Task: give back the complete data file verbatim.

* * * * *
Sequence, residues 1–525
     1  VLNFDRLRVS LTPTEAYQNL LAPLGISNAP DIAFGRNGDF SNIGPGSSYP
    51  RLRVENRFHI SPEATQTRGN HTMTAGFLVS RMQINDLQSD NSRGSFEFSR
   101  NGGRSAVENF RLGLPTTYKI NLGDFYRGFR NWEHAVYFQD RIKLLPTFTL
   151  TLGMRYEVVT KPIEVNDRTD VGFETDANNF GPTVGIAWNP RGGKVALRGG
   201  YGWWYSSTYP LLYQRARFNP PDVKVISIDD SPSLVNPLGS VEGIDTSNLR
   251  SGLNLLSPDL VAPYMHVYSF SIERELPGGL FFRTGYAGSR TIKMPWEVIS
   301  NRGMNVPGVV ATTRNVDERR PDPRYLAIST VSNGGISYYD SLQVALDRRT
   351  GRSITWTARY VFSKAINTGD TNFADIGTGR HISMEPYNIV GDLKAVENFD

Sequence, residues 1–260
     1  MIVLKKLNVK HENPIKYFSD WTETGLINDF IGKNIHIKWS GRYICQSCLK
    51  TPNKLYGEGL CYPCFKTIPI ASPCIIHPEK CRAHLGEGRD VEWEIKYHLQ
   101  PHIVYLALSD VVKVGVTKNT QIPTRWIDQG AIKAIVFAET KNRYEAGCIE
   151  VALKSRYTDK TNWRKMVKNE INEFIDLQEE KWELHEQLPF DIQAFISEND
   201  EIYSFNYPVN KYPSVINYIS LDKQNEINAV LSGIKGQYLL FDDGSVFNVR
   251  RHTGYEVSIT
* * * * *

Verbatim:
Sequence, residues 1–525
     1  VLNFDRLRVS LTPTEAYQNL LAPLGISNAP DIAFGRNGDF SNIGPGSSYP
    51  RLRVENRFHI SPEATQTRGN HTMTAGFLVS RMQINDLQSD NSRGSFEFSR
   101  NGGRSAVENF RLGLPTTYKI NLGDFYRGFR NWEHAVYFQD RIKLLPTFTL
   151  TLGMRYEVVT KPIEVNDRTD VGFETDANNF GPTVGIAWNP RGGKVALRGG
   201  YGWWYSSTYP LLYQRARFNP PDVKVISIDD SPSLVNPLGS VEGIDTSNLR
   251  SGLNLLSPDL VAPYMHVYSF SIERELPGGL FFRTGYAGSR TIKMPWEVIS
   301  NRGMNVPGVV ATTRNVDERR PDPRYLAIST VSNGGISYYD SLQVALDRRT
   351  GRSITWTARY VFSKAINTGD TNFADIGTGR HISMEPYNIV GDLKAVENFD

Sequence, residues 1–260
     1  MIVLKKLNVK HENPIKYFSD WTETGLINDF IGKNIHIKWS GRYICQSCLK
    51  TPNKLYGEGL CYPCFKTIPI ASPCIIHPEK CRAHLGEGRD VEWEIKYHLQ
   101  PHIVYLALSD VVKVGVTKNT QIPTRWIDQG AIKAIVFAET KNRYEAGCIE
   151  VALKSRYTDK TNWRKMVKNE INEFIDLQEE KWELHEQLPF DIQAFISEND
   201  EIYSFNYPVN KYPSVINYIS LDKQNEINAV LSGIKGQYLL FDDGSVFNVR
   251  RHTGYEVSIT